Cheng concludes: "I think that the market is going to consolidate into the hands of the top two or three providers. You'll always have houses that will select niche parts of the business that they feel are profitable. We are clearly trying to capture a larger share of the revenue pie and I think because the dynamics of the industry is shifting, the flow side of the business is going to increasingly consolidate into the top two service providers. We clearly want to be one of those."

UBS clearly stands at one end of the spectrum, with Citi now moving to the other. What other firms will do remains to be seen. But it would be ironic if the regulators - whose goal is the noble one of ensuring a level playing field for all investors - only end up pushing more firms to stop publishing. For the majority of investors this will just lead to poorer information flow - and dramatically disadvantage them vis-a-vis the very top long only funds and hedge funds.

Q&A with top analyst: Stephen Cheng of UBS

What have been the best calls that you've made this year?
Stephen Cheng: At the start of the year, we were obviously cautious about the credit cycle and cautious generally about the direction of interest rates. Volatility was obviously something that we still had to get comfortable with. Between high-grade and high-yield, we still made a tactical call that you should still be very much positioned in high-yield, but increasingly selective in terms of choices.
At the time, we were saying Philippine corporates were probably the key area to put your assets. If you look at year-to-date returns, 15-16 out of the top 20 performing bonds across Asia are from the Philippines credit space.

Was that call counter-intuitive, since a lot of people have been very worried about the Philippines?
That is correct, and it is still fair to say that volatility remains high at the sovereign level. At the corporate level we've seen earnings and performance stability, which on the back of limited issuance from the corporate space, has meant that volatility in the Philippines corporate arena has been very low beta. That's been our key call.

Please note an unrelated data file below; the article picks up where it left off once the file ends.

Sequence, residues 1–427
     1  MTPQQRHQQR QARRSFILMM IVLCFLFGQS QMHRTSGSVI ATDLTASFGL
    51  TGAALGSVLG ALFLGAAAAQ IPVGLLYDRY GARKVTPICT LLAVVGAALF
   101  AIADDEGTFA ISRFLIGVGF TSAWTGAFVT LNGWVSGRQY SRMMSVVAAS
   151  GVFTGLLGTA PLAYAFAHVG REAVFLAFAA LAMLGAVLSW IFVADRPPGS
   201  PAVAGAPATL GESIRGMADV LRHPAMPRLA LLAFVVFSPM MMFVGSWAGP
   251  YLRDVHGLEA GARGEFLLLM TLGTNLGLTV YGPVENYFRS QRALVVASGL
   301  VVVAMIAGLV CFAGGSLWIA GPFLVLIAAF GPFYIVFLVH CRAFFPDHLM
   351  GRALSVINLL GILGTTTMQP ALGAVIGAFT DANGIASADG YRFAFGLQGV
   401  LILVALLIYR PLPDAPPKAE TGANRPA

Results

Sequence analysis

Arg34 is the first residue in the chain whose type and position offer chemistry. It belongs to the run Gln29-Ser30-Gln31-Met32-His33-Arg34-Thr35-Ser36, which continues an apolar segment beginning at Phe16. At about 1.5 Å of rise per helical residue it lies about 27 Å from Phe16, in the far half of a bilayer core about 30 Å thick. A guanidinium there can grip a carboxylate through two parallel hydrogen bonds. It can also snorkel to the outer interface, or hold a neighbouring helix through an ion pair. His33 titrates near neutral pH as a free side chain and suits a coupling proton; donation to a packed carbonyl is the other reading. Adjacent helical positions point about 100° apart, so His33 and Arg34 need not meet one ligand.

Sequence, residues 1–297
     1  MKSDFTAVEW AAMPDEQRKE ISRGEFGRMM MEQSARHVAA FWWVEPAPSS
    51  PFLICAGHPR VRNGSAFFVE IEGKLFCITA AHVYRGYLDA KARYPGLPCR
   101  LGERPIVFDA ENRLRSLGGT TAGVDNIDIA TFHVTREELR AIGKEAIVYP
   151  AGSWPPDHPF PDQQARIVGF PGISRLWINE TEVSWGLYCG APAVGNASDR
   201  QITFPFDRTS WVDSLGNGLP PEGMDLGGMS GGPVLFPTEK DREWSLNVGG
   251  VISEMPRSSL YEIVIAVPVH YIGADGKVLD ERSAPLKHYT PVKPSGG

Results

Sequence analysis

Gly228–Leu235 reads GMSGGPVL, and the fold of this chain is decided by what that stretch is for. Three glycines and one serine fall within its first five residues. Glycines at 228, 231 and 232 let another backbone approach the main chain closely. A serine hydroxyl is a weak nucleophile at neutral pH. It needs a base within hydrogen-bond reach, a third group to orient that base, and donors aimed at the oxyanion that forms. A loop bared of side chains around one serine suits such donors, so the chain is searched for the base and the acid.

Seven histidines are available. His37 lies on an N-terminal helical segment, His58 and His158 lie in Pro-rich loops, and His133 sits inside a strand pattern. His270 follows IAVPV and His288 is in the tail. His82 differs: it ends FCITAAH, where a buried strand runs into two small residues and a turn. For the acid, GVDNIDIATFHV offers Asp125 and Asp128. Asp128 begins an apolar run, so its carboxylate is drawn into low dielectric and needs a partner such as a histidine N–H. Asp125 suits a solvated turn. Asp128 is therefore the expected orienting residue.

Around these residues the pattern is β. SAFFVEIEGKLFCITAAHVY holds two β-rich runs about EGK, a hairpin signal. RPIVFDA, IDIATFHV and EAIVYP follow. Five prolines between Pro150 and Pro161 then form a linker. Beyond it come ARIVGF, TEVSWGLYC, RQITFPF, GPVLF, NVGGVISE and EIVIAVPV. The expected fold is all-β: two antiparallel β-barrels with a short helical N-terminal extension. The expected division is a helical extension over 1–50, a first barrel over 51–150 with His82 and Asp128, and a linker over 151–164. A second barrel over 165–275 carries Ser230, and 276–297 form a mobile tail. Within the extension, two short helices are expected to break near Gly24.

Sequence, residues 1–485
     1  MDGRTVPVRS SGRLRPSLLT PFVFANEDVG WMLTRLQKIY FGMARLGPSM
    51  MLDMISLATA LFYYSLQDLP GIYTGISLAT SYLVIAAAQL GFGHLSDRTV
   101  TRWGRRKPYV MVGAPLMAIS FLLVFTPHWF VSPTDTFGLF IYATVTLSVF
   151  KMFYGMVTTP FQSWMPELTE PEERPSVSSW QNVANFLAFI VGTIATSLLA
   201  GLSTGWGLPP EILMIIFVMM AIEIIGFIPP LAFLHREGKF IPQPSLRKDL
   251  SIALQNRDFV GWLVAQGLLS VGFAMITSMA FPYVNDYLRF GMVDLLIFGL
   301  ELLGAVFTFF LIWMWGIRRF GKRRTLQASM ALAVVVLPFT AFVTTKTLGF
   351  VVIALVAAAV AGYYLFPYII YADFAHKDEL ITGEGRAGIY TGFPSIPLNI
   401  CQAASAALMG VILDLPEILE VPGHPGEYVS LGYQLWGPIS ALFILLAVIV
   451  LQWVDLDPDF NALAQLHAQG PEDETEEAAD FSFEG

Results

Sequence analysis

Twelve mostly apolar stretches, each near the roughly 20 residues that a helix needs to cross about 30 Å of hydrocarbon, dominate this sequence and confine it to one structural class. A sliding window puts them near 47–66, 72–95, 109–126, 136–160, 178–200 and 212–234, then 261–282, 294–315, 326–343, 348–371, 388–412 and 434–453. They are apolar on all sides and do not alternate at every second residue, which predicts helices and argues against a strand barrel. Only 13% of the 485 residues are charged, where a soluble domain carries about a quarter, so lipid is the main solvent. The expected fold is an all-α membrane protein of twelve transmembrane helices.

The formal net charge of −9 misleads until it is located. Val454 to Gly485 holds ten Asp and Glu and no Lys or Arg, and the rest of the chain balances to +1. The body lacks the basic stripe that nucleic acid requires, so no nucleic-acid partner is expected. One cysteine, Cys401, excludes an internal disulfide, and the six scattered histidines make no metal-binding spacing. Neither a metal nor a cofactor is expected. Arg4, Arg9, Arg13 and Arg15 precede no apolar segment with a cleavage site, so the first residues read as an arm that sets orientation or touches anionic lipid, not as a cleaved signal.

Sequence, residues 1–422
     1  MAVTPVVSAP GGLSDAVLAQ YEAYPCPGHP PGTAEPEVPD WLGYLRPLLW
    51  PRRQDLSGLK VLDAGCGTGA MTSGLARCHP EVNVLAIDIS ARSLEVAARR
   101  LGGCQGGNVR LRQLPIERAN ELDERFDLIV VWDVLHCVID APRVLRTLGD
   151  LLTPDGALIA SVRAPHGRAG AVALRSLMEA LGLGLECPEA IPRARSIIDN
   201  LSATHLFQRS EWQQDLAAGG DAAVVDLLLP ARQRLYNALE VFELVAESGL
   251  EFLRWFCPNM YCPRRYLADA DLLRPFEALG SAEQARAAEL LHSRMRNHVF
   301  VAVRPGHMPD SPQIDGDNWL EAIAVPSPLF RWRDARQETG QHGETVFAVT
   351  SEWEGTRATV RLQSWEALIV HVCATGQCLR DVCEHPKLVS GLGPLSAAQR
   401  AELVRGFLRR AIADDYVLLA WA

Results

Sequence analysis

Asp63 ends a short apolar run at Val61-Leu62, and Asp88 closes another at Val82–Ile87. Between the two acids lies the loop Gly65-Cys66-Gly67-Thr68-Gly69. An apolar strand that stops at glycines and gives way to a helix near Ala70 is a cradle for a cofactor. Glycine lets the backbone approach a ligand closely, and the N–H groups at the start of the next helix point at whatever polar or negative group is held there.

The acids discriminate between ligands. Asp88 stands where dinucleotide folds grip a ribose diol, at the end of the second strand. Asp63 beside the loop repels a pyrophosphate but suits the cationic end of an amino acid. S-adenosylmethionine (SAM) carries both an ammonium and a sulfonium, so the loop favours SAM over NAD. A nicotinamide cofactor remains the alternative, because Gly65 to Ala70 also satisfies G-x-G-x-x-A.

What was your top picks among Philippines' corporates?
It was the usual suspects. We like PLDT, Globe, SM Investments, the utility operators, as well as the likes of Universal Robina and JG Summit. The banks have also been a preferred way to play the sovereign angle.

When you compare this year with last year, was it more difficult to make calls as a fixed income analyst?
Sure. Everyone has been preparing for the risk of higher inflation and higher rates, and it seemed that credit ratings and credit quality had peaked out. Obviously, you also had rising oil prices as a nervous backdrop. If you aggregate those issues together, the risk-reward scenario appeared fairly asymmetric for the credit world. That being said, I've always had the view that Asia, in the context of global emerging markets and certainly global credit markets, has actually been very low beta. This is because I don't think we have the same degree of exuberance on the new issue front in terms of size and structure whilst credit fundamentals continue to surprise on the upside. Besides treasury volatility, credit fundamentals will continue to drive the direction of spreads. Hence, stay selective on credits.

Looking into 2006, do you see inflation becoming a problem and interest rates continuing to rise or can you see the top now?
The house call is obviously for oil to remain high and we're looking in the region of $66 per barrel throughout the course of 2006 and largely filtering into 2007 as well. Headline inflation risks will continue to be an issue and potentially start feeding into weaker profitability. The house call for rates is still at least another 50 basis points. Basically we see two rate hikes and then a holding pattern for most of next year.

Do you think the yield curve is going to invert?
I don't think it is bad enough to invert, given that we are still expecting the economy to grow at a rate of 3%. I think you'll see it stay very flattish.

If it stays flat, is that a problem for hedge funds?
Yes, in terms of the leveraging aspect, since this has been a key area for hedge funds to generate greater returns in the past. At the same time, I think hedge funds are likely to find more opportunities in the credit markets because we're seeing greater volatility in the high-yield sector right now. The high yield market has become more polarized. There is a bigger variety of names and the historically popular convergence themes have stalled - cheap assets no longer guarantee strong returns. Building tactical short positions can prove just as beneficial when liquidity and credit selection is becoming critical. That's a better but more challenging way to make money than just leveraging and playing the yield curves.

There is an increasing number of new high yield credits coming out of China, do you see this as leading to some defaults in the future?
I don't see defaults being a big issue for Asia over the next couple of years because the reality is that while a lot of these credits are coming out to borrow money and becoming increasingly leveraged, they are becoming very liquid in the short-term. Nor am I too worried about interest rates rising because most of these companies are quite cashed-up and at least pre-funded to finish their capital expenditure plans.
What is more of worry over the next two to three years is if growth does not materialise and they suddenly have all this excess capacity on their hands, and leverage does not come down to the levels they anticipate – then you'll start worrying about refinancing risk. But we will go through a three-to-five year cycle before we enter that concerning phase.